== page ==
A McKinsey report, Advancing Women’s Equality in India, says our nation could add 1.4 percentage points annually to its Gross Domestic Product (GDP) until 2025, by bringing in 68 million more women into the workforce and raising women’s participation from 31 to 41 per cent.

McKinsey has created the Female Empowerment Index (Femdex) specifically for India and rated all 32 states. A score of 1.00 means gender parity. Bihar scores 0.42, the lowest in India. The report says that improving female education and healthcare and increasing women’s access to the labour force will substantially boost the country’s economy.

That is if women in Bihar can truly climb out of their backwardness, whichever coalition wins power in these elections.

Talking about Jungle Raj or the lawlessness that was associated with the rule of Lalu Prasad Yadav before Nitish took power in 2005, let us look at how criminality has been inextricably woven into the Bihar fabric.

One fact jumps out: there is very little to choose between rival parties and candidates on the counts of probity, wealth, education and even honesty in paying their taxes.

The Association for Democratic Reforms examined the nomination papers of every candidate from every party. Under India’s election laws, a candidate has to declare his or her total assets, criminal charges he or she is accused of, education, and income-tax details. Here are a few facts about Bihar 2015:

– 30 per cent of 1,038 candidates have declared criminal cases against them
– Among them, 796 face serious charges like murder and rape
– 61 per cent of 157 BJP candidates face criminal charges
– 60 per cent of the 202 candidates split between Rashtriya Janata Dal (Lalu’s party) and 57 per cent of Janata Dal United (Nitish Kumar’s party) face criminal charges.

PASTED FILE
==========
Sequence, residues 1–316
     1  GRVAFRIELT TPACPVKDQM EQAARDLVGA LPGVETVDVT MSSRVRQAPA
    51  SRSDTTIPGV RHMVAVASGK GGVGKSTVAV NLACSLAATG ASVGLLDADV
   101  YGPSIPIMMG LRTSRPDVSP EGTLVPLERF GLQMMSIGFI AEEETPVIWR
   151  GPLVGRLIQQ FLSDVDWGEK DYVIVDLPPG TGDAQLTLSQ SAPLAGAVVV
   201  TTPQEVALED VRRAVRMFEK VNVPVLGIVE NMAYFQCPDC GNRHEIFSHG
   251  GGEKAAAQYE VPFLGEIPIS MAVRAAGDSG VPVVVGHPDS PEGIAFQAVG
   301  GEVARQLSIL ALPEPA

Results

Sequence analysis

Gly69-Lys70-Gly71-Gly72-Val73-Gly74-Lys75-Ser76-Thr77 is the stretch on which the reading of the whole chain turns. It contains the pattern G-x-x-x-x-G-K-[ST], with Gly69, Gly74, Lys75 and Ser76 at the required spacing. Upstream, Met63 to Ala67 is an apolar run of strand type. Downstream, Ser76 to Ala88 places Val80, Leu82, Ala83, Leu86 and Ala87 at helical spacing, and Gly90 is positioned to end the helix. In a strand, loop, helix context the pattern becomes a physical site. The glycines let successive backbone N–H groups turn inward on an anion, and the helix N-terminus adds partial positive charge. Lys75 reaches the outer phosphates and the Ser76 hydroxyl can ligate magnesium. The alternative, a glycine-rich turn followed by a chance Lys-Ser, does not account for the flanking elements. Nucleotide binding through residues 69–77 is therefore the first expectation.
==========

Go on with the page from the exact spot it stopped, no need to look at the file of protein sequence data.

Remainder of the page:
– 47 of the 57 constituencies voting on Thursday are labelled ‘red alert’ because each has three or more candidates facing criminal charges
– 69 per cent of the 827 candidates standing on Thursday have not filed their income-tax returns
– Only 38 per cent of Thursday’s candidates are college graduates

While we thrash about in the throes of democracy, spare a thought for our small Himalayan neighbour Bhutan, which is ruled by a benevolent Buddhist monarchy. This week, 725 delegates from across the world gathered in the town of Paro for three days of debate on Gross National Happiness (GNH), which Bhutan says is as important, or even more important, than measuring mere economic growth in GDP terms.

Bhutan’s 2015 GNH is 0.756. It has risen from 0.743 in 2010. The government’s GNH survey said 91.2 per cent of Bhutanese were narrowly, extensively, or deeply happy. 43.4 per cent were extensively or deeply happy. The Bhutanese want to raise that to 100 per cent.

The survey says Bhutanese men are happier than women, urban residents are happier than village folk, and more educated people are happier. Single and married people are happier than divorced or separated people.

Don’t sneer at GNH, unhappy reader! Bhutan’s life expectancy is 68 years: South Asia’s is 67. Bhutan’s carbon-dioxide emissions are 0.8 tonnes per capita: South Asia’s are 1.1. The Asian Development Bank forecasts that Bhutan’s GDP will grow 7.0 per cent in 2015. It scaled its India forecast back to 7.4 from 7.8 per cent. The message is clear: be happy.